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A brief history of TOR

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Published in Biochemical Society Transactions. 2011, vol. 39, no. 2, p. 437-42
Abstract The TOR (target of rapamycin) serine/threonine kinases are fascinating in that they influence many different aspects of eukaryote physiology including processes often dysregulated in disease. Beginning with the initial characterization of rapamycin as an antifungal agent, studies with yeast have contributed greatly to our understanding of the molecular pathways in which TORs operate. Recently, building on advances in quantitative MS, the rapamycin-dependent phosphoproteome in the budding yeast Saccharomyces cerevisiae was elucidated. These studies emphasize the central importance of TOR and highlight its many previously unrecognized functions. One of these, the regulation of intermediary metabolism, is discussed.
Keywords Amino Acids/biosynthesisAnimalsHistory, 20th CenturyHumansMolecular Biology/history/trendsProtein-Serine-Threonine Kinases/genetics/isolation & purification/physiologySaccharomyces cerevisiae/chemistry/geneticsSaccharomyces cerevisiae Proteins/genetics/isolation & purification/physiologySirolimus/metabolism/pharmacologyTranscription Factors/genetics/physiology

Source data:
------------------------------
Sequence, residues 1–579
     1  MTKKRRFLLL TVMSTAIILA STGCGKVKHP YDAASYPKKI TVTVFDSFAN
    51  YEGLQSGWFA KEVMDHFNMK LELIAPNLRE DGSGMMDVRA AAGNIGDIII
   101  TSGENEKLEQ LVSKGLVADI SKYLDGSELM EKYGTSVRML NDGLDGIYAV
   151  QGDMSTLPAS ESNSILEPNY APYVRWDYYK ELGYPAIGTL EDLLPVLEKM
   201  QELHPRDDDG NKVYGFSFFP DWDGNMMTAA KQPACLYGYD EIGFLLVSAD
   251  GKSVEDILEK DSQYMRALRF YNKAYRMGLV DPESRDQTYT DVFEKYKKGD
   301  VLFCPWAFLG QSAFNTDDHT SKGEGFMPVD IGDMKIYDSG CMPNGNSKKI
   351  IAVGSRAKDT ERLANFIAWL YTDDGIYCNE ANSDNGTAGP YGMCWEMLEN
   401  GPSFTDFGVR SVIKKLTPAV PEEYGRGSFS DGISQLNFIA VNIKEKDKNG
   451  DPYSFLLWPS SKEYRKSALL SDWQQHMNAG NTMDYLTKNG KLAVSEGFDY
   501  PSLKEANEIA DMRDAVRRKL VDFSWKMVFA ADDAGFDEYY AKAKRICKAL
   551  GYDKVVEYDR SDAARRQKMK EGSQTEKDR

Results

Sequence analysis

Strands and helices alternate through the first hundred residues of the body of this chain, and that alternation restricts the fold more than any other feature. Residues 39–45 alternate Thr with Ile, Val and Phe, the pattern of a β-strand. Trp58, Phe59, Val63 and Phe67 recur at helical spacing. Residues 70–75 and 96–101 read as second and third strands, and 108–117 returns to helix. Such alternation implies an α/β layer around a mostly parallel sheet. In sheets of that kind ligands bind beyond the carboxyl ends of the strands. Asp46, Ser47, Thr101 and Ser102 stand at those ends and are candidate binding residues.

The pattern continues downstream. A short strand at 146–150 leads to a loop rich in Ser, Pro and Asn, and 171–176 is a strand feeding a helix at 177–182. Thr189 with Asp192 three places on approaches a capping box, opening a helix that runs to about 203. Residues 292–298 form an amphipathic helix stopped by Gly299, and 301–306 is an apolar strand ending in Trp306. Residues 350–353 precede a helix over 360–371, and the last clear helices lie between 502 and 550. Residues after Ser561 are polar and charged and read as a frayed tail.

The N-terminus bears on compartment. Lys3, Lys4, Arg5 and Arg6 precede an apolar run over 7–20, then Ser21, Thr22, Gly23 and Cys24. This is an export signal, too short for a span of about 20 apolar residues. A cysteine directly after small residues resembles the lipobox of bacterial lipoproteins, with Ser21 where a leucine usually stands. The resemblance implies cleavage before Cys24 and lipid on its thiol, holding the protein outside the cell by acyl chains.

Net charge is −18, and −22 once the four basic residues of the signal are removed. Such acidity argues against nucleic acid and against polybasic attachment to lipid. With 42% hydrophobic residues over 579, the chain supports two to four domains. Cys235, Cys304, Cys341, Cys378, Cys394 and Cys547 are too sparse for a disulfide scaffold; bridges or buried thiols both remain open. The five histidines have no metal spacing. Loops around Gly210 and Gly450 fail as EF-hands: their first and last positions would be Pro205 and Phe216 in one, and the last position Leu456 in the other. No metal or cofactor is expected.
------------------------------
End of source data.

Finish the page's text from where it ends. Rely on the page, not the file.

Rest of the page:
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PMID: 21428915
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LOEWITH, Robbie Joséph. A brief history of TOR. In: Biochemical Society transactions, 2011, vol. 39, n° 2, p. 437-42. https://archive-ouverte.unige.ch/unige:18217

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Deposited on : 2012-01-30

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